Stephanie Syman talks about THE SUBTLE BODY: The Story of Yoga In America. And columnist Alexander Cockburn and Tim Karr of Free Press discuss what the WikiLeaks controversy means for freedom of the press and the internet.
If you practice yoga, or have tried it, what brought you to it? Were you looking for a spiritual practice or did you just want to get into shape? Whether yoga is a religion for you, a spiritual discipline, or just a fitness routine, youâ€™ll be fascinated by Stephanie Symanâ€™s book, THE SUBTLE BODY.
From Henry Thoreau, who Syman calls the first American yogi, to Indra Devi, who helped bring yoga to Hollywood, through Ram Dass and Allen Ginsburgâ€™s mixture of psychedelics and yoga and on to Bikram Chowdhury and his â€œhotâ€ yoga, Syman traces the story of Americaâ€™s love affair with this ancient Indian practice.
Women were often the ones who really spread yoga throughout the country. Francescaâ€™s own grandmother, Ruth Alder, had a place in this story. She was Indra Deviâ€™s right-hand woman. A bit actress and dancer in Hollyood movies, she found her true lifeâ€™s passion in her fifties when she went to India to study yoga. After helping Indra Devi ignite the yoga fitness craze in Hollywood, she taught yoga until her death at the age of 78.
Stephanie Syman has written for The Wall Street Journal, Rolling Stone, Vogue, and Yoga Journal. Sheâ€™s practiced the rigorous Ashtanga yoga for fifteen years.
Wikileaks, Press Freedom, and the Internet
Correction: The name of the Swedish documentary, of which a clip introduces this segment, is called â€œWiki Rebels,â€ not â€œWikiLeaks Rebels.â€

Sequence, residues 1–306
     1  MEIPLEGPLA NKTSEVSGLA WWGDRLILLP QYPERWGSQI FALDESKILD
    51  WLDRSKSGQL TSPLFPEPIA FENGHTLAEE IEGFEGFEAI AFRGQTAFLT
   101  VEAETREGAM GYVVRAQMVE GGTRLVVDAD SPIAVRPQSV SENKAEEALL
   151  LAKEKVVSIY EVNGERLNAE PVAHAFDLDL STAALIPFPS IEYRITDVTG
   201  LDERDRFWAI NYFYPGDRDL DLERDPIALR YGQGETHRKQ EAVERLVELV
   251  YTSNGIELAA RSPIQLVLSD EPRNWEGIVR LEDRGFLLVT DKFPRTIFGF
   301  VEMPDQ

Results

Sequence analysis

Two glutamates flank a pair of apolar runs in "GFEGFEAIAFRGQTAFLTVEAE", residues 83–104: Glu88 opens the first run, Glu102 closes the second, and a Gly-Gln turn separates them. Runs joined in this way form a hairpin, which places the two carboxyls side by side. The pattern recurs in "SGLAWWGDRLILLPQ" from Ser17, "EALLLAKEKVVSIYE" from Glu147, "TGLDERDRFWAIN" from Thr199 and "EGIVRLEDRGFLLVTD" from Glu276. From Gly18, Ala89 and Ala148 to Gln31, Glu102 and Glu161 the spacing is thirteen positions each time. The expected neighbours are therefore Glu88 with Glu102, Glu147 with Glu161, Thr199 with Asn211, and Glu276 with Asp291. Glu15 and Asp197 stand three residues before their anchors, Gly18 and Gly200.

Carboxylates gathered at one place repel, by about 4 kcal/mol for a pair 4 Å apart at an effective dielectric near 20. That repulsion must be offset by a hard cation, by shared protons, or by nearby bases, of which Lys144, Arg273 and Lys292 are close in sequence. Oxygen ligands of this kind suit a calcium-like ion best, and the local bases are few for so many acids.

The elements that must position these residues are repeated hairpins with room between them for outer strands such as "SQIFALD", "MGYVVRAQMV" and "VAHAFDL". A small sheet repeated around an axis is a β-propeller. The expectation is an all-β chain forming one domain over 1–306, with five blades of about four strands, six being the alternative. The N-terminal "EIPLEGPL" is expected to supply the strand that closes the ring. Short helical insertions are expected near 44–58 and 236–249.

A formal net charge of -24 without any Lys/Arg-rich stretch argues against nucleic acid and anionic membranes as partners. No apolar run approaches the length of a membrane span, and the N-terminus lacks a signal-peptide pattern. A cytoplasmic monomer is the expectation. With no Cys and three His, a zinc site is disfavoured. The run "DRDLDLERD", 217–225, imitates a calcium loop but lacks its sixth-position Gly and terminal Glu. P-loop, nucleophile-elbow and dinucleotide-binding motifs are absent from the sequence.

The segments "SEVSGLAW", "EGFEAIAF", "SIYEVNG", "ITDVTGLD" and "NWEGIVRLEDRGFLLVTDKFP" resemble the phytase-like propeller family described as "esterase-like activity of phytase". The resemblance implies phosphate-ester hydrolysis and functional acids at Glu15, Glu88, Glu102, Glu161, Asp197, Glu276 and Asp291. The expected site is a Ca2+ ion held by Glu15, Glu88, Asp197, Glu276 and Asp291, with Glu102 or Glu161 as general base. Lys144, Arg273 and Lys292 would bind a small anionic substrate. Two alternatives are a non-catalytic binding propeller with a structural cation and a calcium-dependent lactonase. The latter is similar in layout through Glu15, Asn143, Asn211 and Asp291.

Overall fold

The intention of WikiLeaks, according to spokesman Julian Assange, is to use the power of the internet to promote transparency and thereby support greater democracy.
Whether you think WikiLeaks is a good thing or a bad thing, it has lifted the veil on the real workings of governments — workings, that, had citizens known about them earlier, might have forewarned us about some of the quagmires we are finding ourself in, like the war in Afghanistan. In this, it may signal a shift in the balance of power between governments and the grassroots.
WikiLeaks has been able to do this — for the moment. But that moment may be brief. In a world where the crises, from war to climate change, are ever more dangerous, the efforts of governments to keep information from the people and punish those who would reveal secrets to them are increasing in ferocity.
How far have we come from the rule of law when calls for Julian Assangeâ€™s assassination are applauded and copied, instead of condemned. Barack Obamaâ€™s administration is looking to throw the book at Julian Assange — and get Congress to pass laws that can prosecute him if they donâ€™t now exist. And what about the pressure government (e.g. Joe Lieberman) is bringing to bear on the private corporations who control our access to information on the Internet. Do we really want private corporations like Paypal, Amazon and Facebook to be the ones who decide what is acceptable social protest and what is not?
So what will WikiLeaks mean for press freedom and the freedom on the Internet? Francesca spoke with Tim Karr of the media reform group Free Press and with Counterpunch editor and Nation columnist Alexander Cockburn about the issue.
Read Alexander Cockburn on WikiLeaks:Â Julian Assange: wanted by the Empire, dead or alive andÂ The Empire strikes back against WikiLeaks
Song credit: The Commons by David Rovics